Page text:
3. The facts are the same as in Illustration 2, except that B knows or ought to know of A’s defective construction at the time of completion. B approaches A only 7 years later, and A acknowledges the defective performance. B’s claim is nevertheless already barred under Article 10.2(1) and is not revived by A’s acknowledgement.
If the parties want to undo the effects of a completed limitation period, they can create a new obligation by a “novation” or an unilateral act on the part of the obligor, or the obligor can waive the defence of the expiration of a limitation period. The parties can also prolong the duration of the obligee’s right beyond the end of the maximum limitation period under Article 10.2(2).
4. The facts are the same as in Illustration 3, except that A, in order to maintain a profitable business relation, not only acknowledges the defective performance, but promises to cure the defects regardless of any question of A’s liability. This agreement creates a new obligation for A, which is barred only three years later.
5. Nine years after completion B discovers defects in A’s construction work which could not have been discovered earlier. On notice to A, A responds that it will investigate the causes of the defects and will therefore not invoke the limitation period until six months after the experts investigating the defects submit their report. The report is submitted twelve months later, confirming B’s notice of defects. When B asks A to cure the defects, A argues that the maximum period of Article 10.2(2) has expired with the consequence that no claim for damages can be made by B. A’s argument is incorrect if B abstained from initiating judicial proceedings on account of A’s waiver.
4. Interruption of limitation periods modified by the parties
To the extent that the parties have modified the general limitation period under Article 10.2(1), acknowledgement and the commencement of a new limitation period affect the general period as modified. If, for example, the parties have shortened the general limitation period to one year, acknowledgement causes a new one-year period to run.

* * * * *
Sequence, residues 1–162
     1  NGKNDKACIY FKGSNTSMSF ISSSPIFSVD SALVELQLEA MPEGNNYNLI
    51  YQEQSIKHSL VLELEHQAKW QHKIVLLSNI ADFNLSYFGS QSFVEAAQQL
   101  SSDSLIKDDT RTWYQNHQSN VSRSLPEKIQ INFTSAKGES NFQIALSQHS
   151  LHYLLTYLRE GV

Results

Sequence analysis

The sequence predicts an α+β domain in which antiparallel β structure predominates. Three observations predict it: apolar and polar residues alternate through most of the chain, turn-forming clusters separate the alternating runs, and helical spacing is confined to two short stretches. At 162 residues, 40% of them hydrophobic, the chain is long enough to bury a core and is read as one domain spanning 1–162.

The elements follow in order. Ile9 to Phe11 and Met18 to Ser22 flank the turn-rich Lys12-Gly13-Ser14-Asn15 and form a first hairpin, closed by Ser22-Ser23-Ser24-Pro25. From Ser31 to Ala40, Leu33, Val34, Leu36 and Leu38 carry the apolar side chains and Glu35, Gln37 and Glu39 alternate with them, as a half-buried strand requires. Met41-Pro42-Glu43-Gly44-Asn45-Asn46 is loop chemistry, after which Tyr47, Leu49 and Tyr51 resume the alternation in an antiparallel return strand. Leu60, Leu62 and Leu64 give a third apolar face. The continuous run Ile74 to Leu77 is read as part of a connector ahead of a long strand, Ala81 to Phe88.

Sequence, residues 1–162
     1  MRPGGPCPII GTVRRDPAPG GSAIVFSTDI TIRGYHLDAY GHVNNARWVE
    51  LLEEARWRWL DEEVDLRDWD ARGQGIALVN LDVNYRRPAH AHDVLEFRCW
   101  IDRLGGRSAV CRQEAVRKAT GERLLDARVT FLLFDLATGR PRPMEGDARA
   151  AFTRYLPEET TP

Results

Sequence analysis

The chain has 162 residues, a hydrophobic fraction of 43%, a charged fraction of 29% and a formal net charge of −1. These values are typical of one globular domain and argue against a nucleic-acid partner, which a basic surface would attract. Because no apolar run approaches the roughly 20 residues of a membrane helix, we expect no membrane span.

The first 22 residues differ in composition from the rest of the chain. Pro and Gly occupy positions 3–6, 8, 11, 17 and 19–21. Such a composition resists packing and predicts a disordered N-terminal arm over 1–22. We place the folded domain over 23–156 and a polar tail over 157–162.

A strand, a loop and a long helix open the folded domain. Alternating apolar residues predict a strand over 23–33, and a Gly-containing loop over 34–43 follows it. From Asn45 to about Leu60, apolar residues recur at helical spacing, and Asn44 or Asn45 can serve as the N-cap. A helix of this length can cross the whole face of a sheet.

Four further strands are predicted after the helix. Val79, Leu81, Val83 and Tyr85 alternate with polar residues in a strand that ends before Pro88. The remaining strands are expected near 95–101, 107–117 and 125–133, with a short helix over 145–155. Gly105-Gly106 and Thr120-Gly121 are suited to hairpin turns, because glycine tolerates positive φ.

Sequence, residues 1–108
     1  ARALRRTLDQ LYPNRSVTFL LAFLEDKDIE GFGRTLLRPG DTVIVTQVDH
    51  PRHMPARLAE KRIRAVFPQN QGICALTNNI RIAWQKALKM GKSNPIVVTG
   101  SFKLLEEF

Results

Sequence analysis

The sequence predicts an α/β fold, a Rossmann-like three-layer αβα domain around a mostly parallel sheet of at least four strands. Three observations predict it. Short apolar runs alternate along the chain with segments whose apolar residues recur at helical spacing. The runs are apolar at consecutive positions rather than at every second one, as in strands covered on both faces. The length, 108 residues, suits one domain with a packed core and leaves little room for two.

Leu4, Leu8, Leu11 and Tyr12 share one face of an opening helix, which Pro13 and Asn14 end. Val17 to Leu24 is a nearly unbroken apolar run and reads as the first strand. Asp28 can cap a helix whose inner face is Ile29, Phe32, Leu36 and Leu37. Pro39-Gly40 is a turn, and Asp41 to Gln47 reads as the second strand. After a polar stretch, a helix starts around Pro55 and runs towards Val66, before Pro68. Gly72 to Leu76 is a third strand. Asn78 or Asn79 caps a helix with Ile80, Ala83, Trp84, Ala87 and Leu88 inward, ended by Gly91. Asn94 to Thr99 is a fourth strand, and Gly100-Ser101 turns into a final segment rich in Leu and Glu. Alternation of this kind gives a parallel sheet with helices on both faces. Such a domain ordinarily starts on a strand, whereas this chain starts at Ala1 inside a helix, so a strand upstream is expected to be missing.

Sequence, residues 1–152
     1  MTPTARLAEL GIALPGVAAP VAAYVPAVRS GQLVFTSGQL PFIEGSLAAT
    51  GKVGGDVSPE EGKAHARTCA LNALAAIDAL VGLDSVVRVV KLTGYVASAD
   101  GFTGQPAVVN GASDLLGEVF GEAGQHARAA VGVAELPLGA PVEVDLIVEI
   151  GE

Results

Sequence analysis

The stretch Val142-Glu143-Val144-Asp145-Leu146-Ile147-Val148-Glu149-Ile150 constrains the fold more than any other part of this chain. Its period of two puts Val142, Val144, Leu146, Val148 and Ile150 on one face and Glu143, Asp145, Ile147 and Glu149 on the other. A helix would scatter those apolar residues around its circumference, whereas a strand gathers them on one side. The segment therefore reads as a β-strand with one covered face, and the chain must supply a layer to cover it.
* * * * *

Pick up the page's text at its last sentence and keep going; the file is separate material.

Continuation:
6. A and B have agreed to shorten the limitation period for claims arising from the non-conformity of A’s performance to two years. After nine and a half years B discovers defects in A’s performance, and A acknowledges its obligation to cure. B has another two years to pursue its claim before it is barred under Article 10.2(1).
Since the obligor can acknowledge more than once, the limited effect of an acknowledgement that causes only the general limitation period to start again can be overcome by a subsequent acknowledgement.
7. A delivers non-conforming goods to B in November. B suffers loss resulting from the non-conformity because its customers complain and return the goods. Since two years later the total amount of loss is not yet clear, B pressures A to acknowledge its liability and in December of that year A complies with B’s request. Two years later, there are still uncertainties regarding the exact extent of B’s obligations towards its customers, some of whom have sued for compensation for consequential damages allegedly caused by the goods. B therefore turns to A again, who acknowledges its obligation to compensate B should the claims of B’s customers be well-founded. B has three more years before its claims against A are barred.